A John Braheny Songmine column from the archives…
Accession Number: C000000137-003 Document/Digital File, “Feedback: Why some publishers won’t give it” by John Braheny_, OCR converted text under same Accession Number
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“Feedback” – why some publishers won’t give it by John Braheny
Last time I was talking about getting information not only from the trade magazines and consumer ‘trades’ (Rolling Stone, Crawdaddy, BAM, etc.) but from individual pro-fessionals in the business, who I’ve always found more than willing to help. It is, however, necessary to ask! I often ask writers how they’ve been received by publishers I know about. I’ve gotten some stories that were definitely on the negative side like “Your song sucks!” In all fairness to publishers in general, that’s a rarity. It’s not as rare, though, for them not to offer any feedback or constructive criticism. More often it’s a stock answer; “That’s not the type of song we’re looking for.” “I wouldn’t know who’d record a song like that.” “I don’t think the song is marketable.” All those lines, though stock, are also probably true but they don’t help you know how to write better or more marketable songs. I decided to do an informal survey of some publishers about this situation and got some fairly typical responses. One publisher said, “I won’t give writers a critique anymore unless they’re very close to writing hit songs and I know I want to get involved as their publisher. Otherwise, it’s more hassle than it’s worth. I used to do it all the time because I wanted to help but I stepped on too many egos and got into arguments. They don’t really want to be criticized. Even when they asked for it, they just argued with me.” On the other hand he said, “Bob (a writer we both knew) is the kind of writer I will work with. He’s come a long way because he listens. The first time I heard his tunes I knew he had a basic grip on how to write a good song. I told him that one of the tunes was close but I thought it would be stronger with a bridge. Next day he came back with two different versions of a bridge and we took it (published it). Now that’s professionalism! I mean he didn’t say, “What do you mean it needs a bridge! I wrote it without a bridge and it sounds okay to me!” He just gave it a shot.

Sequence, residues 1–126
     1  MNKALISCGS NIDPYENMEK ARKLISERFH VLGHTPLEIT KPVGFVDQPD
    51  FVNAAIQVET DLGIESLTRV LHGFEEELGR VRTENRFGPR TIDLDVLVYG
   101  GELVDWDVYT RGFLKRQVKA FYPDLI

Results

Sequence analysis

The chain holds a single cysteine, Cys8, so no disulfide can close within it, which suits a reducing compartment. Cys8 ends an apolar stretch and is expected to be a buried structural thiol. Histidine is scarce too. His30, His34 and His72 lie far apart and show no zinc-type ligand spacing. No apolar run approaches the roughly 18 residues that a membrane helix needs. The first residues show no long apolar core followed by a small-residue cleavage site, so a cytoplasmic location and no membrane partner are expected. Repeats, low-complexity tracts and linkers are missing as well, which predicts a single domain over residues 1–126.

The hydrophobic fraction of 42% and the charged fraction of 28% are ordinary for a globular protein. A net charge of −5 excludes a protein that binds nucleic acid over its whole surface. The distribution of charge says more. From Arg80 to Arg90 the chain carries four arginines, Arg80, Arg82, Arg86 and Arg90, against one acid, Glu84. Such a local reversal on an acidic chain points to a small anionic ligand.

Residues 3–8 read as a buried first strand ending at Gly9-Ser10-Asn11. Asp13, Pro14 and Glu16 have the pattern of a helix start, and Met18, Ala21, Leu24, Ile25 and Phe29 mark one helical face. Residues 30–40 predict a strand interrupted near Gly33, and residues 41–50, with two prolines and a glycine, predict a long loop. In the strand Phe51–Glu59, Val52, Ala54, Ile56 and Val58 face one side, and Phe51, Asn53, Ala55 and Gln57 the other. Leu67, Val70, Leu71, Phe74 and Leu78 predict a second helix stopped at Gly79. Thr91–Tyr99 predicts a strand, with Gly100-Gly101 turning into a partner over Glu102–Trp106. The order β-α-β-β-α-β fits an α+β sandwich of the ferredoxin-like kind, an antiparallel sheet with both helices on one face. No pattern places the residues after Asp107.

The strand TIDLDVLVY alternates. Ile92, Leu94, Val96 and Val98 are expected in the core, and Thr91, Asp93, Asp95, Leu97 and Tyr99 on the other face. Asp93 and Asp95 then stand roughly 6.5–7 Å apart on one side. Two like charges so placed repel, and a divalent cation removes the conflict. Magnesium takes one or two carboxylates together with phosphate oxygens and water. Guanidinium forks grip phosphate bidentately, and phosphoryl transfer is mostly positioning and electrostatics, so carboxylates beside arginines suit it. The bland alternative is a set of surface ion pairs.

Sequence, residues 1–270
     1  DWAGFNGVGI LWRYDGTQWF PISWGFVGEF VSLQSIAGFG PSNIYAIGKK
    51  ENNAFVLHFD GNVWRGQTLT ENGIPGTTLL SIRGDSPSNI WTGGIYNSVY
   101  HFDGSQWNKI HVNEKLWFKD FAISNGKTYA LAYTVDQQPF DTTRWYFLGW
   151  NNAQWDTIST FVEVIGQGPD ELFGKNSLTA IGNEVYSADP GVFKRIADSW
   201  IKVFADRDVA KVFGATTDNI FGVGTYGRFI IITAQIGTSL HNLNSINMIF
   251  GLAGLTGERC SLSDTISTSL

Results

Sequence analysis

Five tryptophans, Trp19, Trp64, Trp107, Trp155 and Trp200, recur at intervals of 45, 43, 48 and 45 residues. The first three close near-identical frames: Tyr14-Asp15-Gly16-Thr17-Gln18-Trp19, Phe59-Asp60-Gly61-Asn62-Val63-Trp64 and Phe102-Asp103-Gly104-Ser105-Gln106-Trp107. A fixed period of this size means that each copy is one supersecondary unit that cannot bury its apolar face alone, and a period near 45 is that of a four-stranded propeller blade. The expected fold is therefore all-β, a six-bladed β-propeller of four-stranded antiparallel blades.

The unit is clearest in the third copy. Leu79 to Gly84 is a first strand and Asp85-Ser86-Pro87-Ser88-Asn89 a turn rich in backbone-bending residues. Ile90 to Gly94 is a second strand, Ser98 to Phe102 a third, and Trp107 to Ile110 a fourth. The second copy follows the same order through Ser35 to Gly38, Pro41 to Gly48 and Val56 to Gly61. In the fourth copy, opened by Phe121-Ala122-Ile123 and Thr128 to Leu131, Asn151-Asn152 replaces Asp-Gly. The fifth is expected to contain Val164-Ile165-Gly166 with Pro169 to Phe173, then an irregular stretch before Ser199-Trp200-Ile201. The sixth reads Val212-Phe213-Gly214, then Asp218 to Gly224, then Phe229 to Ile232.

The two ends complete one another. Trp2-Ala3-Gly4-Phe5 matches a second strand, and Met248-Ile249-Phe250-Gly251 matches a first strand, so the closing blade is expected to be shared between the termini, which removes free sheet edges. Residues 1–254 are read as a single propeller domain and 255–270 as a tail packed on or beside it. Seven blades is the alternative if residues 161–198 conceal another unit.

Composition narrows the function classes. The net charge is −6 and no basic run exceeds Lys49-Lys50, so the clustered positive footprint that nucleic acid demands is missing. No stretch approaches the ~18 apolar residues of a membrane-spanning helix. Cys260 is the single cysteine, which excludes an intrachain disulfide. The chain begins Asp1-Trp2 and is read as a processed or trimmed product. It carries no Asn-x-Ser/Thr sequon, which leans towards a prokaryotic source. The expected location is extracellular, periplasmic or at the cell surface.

So I was beginning to get an idea about how these gaps are widened and what the story was on the other end. Another publisher said, “Hey, if I wanted to spend all my time teaching people how to write songs, I wouldn’t have time to deal with the songs I’m already committed to. Besides, most writers don’t even want to hear it!”
Another, who is very good about critiquing songs and does it tactfully and well, told me a story about a writer to whom he volunteered a criticism. The writer couldn’t believe his song was being critiqued and replied incredulously, “But I wrote that song in Topanga Canyon!” To that writer, the act of writing the song was akin to receiving a sacred message from the great spirit. To suggest any change by himself or someone else was unthinkable. That attitude is, un-fortunately, common. It is also unprofessional. I’m not going to tell you that it’s wrong to have that attitude about your songs. Only that if you have any aspirations to be a professional songwriter, it’s a counterproductive attitude and it will be a near impossibility to find a publisher who will want to deal with you. There are simply too many other good writers around who are open to criticism and willing to rewrite: after all, the rewrites are still coming out of your head. There’s another angle to this that should also be brought out. Publishers are still people who, as my old football coach used to say, “Get into their jocks one leg at a time just like you.” Consequently, they aren’t infallible and you don’t need to believe their every opinion as gospel. You’ll definitely find, in going from one publisher to another, a great diversity of tastes and opinions. They may be wrong or they just might be right in a lot of different ways. Pay attention to the criticism and don’t argue. They happen to be holding the cards.
Previously in the Sanguine Collection:
- Songmine: Dealing with Rejection by John Braheny
- “Music in Print” – A Songmine Column from Music Connection Magazine March 19-April 1, 1981
About Songmine and Music Connection Magazine:
John Braheny met Eric Bettelli and Michael Dolan right before they were going to publish Music Connection magazine. Eric and Michael wanted to get their publication out to as many songwriters as they could. They had already heard of the LA Songwriters Showcase, and of John and his partner, Len Chandler. John’s goal was to advertise the schedule of guest speakers and performers at the weekly Showcase… so they made a deal.
They published John’s Songmine column (he had never before written a magazine article!) in their very first edition, in November 1977. Trading out the column for advertising, this arrangement continued for many years. Plus, Eric and Michael came to the Showcase each week and distributed free copies to the songwriters!
Those articles became so popular that (book agent and editor) Ronny Schiff offered John’s articles to F&W Media, where they became the backbone of John’s textbook, The Craft and Business of Songwriting. As a follow-up, Dan Kimpel (author, songwriter, teacher), who had also worked at LASS, took on the Songwriting column at Music Connection magazine which continues to this day! You can subscribe to get either hard copies or online.
“Feedback: Why some publishers won’t give it” by John Braheny